Building a seedling nursery in the Amazon

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Click to view sowing. A seedling nursery at Pimpollo with two beds in which are ca 3000 planted seedlings of Inga edulis. Notice the palm fronds providing light shade

Building a seedling nursery needs a few basic requirements: ready access to water, shade, flattish ground and protection from pigs, dogs, chickens and deer. Most importantly of all it needs one or more people who can take responsibility for the nursery, water it once a day and check for damage from insects.

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Inga thibaudiana seeds in a seed bed at San Jose. Small seeded Inga species need to be sown on sand and allowed to germinate before planting in bags. The larger seeded species such as Inga edulis can be sown directly in bags

Because  we are working with four communities with whom we have a broader collaboration through our partner NGO Herencia we were able to work with each community to find a suitable site and identify a manager for each nursery. Working with four communities also meant that we had to decide whether to establish a single centralised nursery or locate a nursery in each community. There are advantages and disadvantages of either strategy. But due to the large distances of the communities from each other, 50 to 200 km, and the high cost and difficulty of covering such distances on a dirt-track we opted for four local nurseries. Had we had access through good roads and low vehicle costs we may well have opted for a central nursery that we could manage more closely.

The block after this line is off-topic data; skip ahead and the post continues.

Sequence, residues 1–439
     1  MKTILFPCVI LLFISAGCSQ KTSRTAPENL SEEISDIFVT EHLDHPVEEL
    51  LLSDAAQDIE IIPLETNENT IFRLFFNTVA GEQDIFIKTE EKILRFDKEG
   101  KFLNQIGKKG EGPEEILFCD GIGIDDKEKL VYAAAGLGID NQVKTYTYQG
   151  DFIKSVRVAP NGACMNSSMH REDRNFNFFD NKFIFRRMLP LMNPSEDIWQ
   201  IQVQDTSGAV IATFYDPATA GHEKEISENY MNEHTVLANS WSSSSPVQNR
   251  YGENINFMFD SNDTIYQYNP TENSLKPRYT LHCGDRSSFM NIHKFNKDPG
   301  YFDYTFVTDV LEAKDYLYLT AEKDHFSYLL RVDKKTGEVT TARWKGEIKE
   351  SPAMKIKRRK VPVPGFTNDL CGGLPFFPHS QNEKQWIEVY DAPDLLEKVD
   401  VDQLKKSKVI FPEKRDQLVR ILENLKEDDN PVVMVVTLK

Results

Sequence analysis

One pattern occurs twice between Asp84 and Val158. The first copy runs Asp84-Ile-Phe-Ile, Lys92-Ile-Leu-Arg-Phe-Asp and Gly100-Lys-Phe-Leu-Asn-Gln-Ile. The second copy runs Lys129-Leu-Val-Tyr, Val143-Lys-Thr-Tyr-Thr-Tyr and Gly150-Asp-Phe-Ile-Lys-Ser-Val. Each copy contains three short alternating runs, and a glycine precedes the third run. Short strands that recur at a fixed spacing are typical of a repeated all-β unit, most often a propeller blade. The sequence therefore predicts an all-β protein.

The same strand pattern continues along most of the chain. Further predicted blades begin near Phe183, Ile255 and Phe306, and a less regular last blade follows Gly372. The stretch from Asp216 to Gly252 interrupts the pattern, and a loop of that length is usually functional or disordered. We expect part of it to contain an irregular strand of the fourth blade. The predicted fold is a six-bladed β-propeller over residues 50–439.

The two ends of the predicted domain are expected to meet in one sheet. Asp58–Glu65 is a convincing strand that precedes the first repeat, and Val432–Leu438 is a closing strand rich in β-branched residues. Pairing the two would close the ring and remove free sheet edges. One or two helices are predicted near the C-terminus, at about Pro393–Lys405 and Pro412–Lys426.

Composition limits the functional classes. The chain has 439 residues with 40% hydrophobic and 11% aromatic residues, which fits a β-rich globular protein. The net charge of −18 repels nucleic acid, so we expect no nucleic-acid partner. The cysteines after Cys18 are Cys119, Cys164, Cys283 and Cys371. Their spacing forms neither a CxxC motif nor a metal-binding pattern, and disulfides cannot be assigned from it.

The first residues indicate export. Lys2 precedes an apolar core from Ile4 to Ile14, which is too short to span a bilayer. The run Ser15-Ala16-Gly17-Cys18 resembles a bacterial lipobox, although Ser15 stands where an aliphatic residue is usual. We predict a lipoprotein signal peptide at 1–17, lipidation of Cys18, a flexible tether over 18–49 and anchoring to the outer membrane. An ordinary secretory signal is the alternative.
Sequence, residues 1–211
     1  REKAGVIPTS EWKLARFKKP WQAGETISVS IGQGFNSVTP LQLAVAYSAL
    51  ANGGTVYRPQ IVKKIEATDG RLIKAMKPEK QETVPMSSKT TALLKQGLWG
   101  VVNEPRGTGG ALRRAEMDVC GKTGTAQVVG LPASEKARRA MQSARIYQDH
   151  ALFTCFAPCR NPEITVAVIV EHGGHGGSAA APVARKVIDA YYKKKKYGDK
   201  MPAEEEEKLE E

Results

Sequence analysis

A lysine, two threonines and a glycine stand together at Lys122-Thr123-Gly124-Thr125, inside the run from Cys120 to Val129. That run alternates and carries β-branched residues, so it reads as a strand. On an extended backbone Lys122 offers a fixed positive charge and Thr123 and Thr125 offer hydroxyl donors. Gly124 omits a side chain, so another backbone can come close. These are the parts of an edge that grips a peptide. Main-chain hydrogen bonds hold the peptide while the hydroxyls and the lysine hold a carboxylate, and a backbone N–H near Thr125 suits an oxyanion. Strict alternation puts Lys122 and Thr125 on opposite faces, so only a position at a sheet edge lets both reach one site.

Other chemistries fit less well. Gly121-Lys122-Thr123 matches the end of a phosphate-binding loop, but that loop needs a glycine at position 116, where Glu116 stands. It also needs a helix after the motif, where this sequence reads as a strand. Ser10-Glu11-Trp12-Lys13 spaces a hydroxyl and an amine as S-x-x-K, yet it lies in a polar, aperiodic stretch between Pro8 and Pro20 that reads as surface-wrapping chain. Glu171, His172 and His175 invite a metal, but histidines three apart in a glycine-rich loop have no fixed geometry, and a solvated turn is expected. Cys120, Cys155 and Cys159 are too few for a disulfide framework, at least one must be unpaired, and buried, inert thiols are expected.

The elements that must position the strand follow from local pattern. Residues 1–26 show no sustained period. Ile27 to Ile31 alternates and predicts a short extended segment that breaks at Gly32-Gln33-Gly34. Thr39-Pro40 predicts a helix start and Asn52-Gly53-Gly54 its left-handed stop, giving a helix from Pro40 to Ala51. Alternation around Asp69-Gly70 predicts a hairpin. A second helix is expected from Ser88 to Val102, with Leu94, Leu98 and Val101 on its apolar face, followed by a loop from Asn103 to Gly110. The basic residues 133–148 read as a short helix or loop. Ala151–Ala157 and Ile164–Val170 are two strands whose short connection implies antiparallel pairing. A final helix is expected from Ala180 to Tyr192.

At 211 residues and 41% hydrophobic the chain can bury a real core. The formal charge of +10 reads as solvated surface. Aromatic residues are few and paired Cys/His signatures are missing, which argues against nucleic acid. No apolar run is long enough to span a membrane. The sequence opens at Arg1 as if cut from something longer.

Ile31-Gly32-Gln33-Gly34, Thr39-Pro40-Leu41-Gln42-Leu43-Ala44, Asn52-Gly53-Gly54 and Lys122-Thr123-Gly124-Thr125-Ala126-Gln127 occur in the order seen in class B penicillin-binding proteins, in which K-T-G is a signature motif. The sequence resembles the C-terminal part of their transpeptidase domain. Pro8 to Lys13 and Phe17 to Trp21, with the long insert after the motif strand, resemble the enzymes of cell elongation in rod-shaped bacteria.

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Clearing a site for the seedling nursery at Pimpollo. The site is ideally located in the loop of a small river allowing easy irrigation nut also dissuading potential pests such as leaf-cutter ants

We started out by clearing an area of ca 50m2 of ground vegetation and leaf litter and being careful to leave any trees as a source of natural shade. Because the Inga species that we are using are relatively light-demanding species we aimed for light shade. This meant trimming some of the lower branches of the trees at our site.  Where there was not enough shade then we constructed a wooden frame from saplings that we cut down and placed a few palm fronds across these. Where livestock was able to get at the seedlings then we attached chicken-wire to the frame to keep them out.

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A raised seed bed at San Jose community filled with sandy soil from the banks of a nearby stream

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